The interview part of the hiring process is pretty much the honeymoon phase of looking for a new job: Both employer and job applicant are usually on their best behavior, with each side glossing over the personal or organizational quirks that might be unappealing at first blush. For those looking for a new job, maybe you won't talk extensively about how you're happy to arrive early but adamant about leaving by 5. For organizations, maybe that flex time isn't granted as often as you imply.
Whatever your issue is, you should know there is a line when it comes to being written off. A candidate with a track record for being difficult to work with? A justifiable pass. A candidate who divulges they will become a parent soon? Snubbing them just because of that is illegal — but it happens all the time.
"Unfortunately, we see this all too often — pregnant workers go in to ask for an application or for a job interview and are told not to bother applying or to apply only after they've had the baby," says Sarah Brafman, an attorney and Skadden Fellow at A Better Balance. "This is especially the case for low-wage workers, particularly women of color, who are often those most in need of employment during this vulnerable time."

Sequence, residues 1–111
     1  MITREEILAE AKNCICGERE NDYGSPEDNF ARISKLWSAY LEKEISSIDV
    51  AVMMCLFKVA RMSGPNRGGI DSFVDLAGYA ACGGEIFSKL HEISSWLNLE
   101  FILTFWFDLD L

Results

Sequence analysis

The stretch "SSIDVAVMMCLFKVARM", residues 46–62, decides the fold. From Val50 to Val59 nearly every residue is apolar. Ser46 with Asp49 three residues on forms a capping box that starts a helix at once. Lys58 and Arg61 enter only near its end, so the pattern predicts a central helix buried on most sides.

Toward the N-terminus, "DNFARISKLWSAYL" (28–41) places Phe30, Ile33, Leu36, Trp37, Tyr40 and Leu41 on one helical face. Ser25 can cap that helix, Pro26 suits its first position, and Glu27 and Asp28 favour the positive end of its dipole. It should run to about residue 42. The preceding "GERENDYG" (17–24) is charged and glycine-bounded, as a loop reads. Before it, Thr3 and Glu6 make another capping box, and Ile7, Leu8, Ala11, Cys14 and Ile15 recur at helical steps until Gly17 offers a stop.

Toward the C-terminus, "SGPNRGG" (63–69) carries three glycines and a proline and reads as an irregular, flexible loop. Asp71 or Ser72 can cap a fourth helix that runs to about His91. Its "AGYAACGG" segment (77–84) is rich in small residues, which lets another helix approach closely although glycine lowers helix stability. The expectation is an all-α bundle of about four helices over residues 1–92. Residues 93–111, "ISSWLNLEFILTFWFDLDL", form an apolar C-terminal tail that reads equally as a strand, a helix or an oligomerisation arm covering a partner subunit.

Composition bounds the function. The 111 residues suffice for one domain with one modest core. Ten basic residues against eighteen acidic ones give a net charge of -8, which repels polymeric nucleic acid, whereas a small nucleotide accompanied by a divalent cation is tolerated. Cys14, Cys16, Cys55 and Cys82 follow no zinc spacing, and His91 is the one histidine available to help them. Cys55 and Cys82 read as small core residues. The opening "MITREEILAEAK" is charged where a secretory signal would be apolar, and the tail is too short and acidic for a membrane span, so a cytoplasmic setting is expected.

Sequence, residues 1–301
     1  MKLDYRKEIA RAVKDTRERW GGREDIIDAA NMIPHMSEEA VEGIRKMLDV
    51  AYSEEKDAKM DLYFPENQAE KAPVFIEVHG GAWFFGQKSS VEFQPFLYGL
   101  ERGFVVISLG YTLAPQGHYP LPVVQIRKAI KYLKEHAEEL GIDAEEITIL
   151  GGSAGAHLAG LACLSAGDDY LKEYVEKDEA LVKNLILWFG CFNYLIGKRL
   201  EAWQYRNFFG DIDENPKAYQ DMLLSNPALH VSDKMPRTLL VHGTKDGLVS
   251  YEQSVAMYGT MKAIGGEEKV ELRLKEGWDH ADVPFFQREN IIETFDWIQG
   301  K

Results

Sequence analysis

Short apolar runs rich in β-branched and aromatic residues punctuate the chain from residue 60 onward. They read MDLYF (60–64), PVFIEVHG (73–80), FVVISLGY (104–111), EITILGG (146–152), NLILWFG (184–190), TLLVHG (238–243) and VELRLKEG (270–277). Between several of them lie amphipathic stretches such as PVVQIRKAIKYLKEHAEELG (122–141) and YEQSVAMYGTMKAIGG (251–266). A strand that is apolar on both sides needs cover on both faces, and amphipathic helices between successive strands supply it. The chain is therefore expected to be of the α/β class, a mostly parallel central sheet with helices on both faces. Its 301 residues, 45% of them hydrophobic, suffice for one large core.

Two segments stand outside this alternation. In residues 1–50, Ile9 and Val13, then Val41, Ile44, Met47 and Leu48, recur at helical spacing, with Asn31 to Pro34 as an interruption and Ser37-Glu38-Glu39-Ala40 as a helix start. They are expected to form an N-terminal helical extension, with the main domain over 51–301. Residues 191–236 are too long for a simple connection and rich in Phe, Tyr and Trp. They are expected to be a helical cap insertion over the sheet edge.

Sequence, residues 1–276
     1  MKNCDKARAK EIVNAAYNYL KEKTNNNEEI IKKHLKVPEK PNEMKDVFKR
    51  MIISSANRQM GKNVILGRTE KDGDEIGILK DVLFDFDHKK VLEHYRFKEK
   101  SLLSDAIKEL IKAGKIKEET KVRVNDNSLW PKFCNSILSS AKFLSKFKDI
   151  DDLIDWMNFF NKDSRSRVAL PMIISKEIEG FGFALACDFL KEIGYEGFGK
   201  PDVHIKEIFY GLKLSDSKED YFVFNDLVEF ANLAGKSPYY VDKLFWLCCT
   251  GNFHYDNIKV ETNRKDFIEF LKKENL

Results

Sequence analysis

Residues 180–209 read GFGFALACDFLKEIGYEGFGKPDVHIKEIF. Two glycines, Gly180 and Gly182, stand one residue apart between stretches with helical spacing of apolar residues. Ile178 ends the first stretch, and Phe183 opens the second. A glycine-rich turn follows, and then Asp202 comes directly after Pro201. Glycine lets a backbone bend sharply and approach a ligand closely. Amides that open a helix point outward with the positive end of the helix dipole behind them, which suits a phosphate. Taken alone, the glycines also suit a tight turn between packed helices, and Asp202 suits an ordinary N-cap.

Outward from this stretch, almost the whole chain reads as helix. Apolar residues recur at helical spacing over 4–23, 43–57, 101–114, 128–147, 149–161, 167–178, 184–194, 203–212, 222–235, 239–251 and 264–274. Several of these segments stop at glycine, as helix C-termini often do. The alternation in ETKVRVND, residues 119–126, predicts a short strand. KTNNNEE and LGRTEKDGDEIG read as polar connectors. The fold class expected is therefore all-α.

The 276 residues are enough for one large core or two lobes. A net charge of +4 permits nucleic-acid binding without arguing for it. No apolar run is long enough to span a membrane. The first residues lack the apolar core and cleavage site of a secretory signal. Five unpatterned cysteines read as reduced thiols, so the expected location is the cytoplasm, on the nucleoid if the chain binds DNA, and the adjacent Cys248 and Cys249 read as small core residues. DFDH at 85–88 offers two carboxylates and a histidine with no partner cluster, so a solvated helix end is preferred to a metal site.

Whether the problem is that some don't understand the practice is illegal or simply that they refuse to care, the impact of this discrimination can be "especially harmful" she explains. Pregnant workers in "unhealthy" workplaces may decide not to leave their current jobs, knowing "their other prospects are slim." Or, they may settle for other kids of mistreatment from whomever takes them on.
You can't control whether a prospective employer decides to be ethical in their hiring process but you can arm yourself with information if they aren't. Here are some ways to combat bias if you're a job seeker and a parent-to-be.
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